Monday, December 6, 2010

The Illusion of Free Will (cont'd)

Because Harris' The Moral Landscape is dedicated to the premise that the methodologies and objectivity of scientific inquiry can be applied to the question of human morality, his articulation of the illusory nature of Free Will is particularly compelling. What does it mean to say an action is moral if each human being can be said to not be in conscious control of their actions? If my actions spring from biological and perceptual determinants operating at a scale and speed well beyond the field of awareness of my ordinary consciousness, how can any action that emerges from this flux be said to be good or bad? It would almost seem as though my sense of ethics can only be a post hoc justification of actions operating though my organism with or without the participation of my conscious awareness.

Harris addresses this dificult problem in a charateristically pragmatic way by invoking what I would call a statistical model for describing the ongoing correlation between the flux of activities that arises in our psycho-physical organisms and the ongoing stream of thoughts, feelings, and sensations that we experience in relation to this flux. In other words, there is enough of a correlation between our stream of consciousness and the actions that arise in our organisms that it is meaningful to say that in a certain sense we are responsible for our actions. Harris uses the example of himself walking into a supermarket, fully clothed, and purchasing a tin of anchovies. Though we can know from detailed fMRI studies that the actions that got Harris into that market arose from a scale of activities far outside the scope of his conscious awareness, he would have occasion to be surprised and feel like he was out of control if in fact he discovered himself naked in the market attempting to steal as many tins of anchovies as he could get his hands on. So for an ordinary person (we can leave aside the question of a sociopath, which Harris takes up in great detail in his book), there is enough of a correlation between the activites that unfold through our psycho-physical organisms and the sense of expectation and intentionality that arises in our field of consciousness for us to conclude that our conscious minds have some sense of responsibility for our actions. In other words, we can distinguish "our actions" (e.g. buying anchovies in the market) from "not our actions" (e.g. standing naked in the market trying to steal tins of anchovies) even though the mechanisms by which those actions unfold are not subject to our conscious participation.

This perspective of Harris' raises a number of interesting questions that to me touch on core spiritual questions (most succinctly summarized by who am I, what am I doing, why am I doing it?). For one thing, this picture of the relationship of the conscious mind to the functioning of the psycho-physical organism calls to mind Thomas Metzinger's Being No One - The Self-Model Theory of Subjectivity. In this detailed theory of mind, driven by the findings of neurobiology, Metzinger charaterizes the self of consciousness as a sort of self-organizing model of the functioning of the organism. Biological organisms develop a working inner model of the organism as a whole which evolves to serve as a basis for predictive action and more effective interaction with the environment. In this respect, our conscious minds could be seen as attempting as closely as possible to function as accurate predictors of our organisms' inteactivity with the objective external environment.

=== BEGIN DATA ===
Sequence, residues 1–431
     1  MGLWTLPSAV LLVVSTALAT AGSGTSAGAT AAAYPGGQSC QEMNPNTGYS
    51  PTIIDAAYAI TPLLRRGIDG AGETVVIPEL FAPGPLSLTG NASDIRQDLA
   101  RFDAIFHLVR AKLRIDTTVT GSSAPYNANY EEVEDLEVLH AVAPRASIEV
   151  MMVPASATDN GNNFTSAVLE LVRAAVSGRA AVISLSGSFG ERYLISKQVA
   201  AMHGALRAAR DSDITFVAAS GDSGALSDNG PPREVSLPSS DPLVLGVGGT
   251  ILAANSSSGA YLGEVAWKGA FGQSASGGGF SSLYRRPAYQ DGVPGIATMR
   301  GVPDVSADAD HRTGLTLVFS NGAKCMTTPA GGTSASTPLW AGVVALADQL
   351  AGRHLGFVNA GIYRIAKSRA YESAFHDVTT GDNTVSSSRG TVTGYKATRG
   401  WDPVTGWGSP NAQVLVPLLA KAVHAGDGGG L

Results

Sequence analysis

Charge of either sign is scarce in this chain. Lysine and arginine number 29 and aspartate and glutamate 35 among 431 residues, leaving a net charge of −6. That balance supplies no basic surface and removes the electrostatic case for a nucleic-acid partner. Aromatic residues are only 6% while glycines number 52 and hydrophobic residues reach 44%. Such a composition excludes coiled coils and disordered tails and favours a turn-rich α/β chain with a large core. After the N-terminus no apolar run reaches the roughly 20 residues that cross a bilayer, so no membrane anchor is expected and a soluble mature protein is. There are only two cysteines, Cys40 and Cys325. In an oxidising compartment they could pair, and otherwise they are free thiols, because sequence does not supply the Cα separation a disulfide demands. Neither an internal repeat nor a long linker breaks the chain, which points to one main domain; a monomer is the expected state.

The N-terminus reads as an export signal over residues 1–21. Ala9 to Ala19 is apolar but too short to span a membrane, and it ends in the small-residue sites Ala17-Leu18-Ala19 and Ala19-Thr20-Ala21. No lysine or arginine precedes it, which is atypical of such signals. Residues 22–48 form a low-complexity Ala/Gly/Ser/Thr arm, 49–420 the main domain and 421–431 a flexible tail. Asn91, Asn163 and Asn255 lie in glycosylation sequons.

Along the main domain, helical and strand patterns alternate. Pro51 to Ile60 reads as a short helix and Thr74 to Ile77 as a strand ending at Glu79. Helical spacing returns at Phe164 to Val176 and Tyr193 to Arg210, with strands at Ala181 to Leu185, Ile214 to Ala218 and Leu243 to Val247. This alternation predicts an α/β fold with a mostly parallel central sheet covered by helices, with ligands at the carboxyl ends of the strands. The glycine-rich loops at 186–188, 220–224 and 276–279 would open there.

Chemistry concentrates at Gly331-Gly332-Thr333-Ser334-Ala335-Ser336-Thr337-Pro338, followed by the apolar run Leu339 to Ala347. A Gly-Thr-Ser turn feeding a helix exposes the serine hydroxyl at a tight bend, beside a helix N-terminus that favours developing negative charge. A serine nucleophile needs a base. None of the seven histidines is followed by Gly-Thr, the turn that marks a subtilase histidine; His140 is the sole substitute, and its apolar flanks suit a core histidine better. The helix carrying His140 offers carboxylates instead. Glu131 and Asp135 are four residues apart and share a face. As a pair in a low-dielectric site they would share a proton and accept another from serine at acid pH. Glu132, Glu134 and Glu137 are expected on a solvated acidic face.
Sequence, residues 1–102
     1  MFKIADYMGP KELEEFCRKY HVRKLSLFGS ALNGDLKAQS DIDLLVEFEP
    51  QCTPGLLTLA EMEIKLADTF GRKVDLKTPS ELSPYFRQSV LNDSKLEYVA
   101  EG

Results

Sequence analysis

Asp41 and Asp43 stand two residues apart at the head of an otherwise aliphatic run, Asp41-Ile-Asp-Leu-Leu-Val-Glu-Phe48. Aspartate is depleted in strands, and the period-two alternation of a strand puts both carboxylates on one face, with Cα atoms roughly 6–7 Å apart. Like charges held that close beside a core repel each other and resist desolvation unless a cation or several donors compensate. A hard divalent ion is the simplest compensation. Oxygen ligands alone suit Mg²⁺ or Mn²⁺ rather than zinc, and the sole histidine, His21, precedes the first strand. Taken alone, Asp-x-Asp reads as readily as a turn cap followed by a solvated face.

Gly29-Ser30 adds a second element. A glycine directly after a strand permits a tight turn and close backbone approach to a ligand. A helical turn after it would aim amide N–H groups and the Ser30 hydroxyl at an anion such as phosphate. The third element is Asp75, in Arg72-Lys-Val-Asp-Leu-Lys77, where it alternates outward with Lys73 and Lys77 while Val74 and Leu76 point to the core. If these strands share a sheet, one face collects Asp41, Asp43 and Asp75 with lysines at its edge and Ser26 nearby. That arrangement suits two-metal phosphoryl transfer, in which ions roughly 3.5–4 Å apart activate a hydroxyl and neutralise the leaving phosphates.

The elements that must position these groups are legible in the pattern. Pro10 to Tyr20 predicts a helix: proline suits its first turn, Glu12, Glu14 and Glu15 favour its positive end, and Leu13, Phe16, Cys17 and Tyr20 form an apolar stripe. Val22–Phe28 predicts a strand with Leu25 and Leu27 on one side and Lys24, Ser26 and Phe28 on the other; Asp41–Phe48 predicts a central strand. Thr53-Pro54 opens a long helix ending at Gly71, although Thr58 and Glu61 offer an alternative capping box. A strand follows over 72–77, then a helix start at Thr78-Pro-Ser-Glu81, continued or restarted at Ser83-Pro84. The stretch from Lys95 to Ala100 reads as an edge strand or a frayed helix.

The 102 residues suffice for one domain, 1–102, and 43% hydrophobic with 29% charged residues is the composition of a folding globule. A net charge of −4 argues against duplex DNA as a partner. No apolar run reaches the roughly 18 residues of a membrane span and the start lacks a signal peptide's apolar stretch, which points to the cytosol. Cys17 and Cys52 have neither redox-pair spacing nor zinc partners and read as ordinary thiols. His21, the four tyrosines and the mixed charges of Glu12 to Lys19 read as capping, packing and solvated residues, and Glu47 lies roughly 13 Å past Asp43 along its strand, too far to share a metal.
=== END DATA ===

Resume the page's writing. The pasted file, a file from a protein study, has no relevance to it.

Spiritual psychology adds to this picture with a detailed accounting of how the egoic mind distorts this process of modeling by using its rationalizing functionality to justify why a particular set of actions that emerges in one's organism is in fact exactly what one intended to do. We often find ourselves justifying our actions to ourselves or sharply criticizing our actions as though there were a direct causal relationship between our conscious state an our actions. To use a Fourth Way term introduced by Gurdjieff, our minds are filled with buffers that serve to justify after the fact particularly contradictory actions that may emerge from our organisms. Our buffers attempt through denial to hide gaping inconsitencies between who we think we are and how our psycho-physical organisms actually function. In fact, it is this dissociation of the conscious mind from the objective functioning of the psycho-physical organism as a whole that gives rise to the illusion of a self that exists independently of the organism. We can refer to this process of dissociation under the term Egoism. Though I will return to this topic in a later post, we can see by way of conclusion that one moral imperative for a human being would be to come to terms with the distortions introduced in our consciousness by Egoism as a means to bring our conscious minds into greater alignment with the activities of our organisms.

No comments:

Post a Comment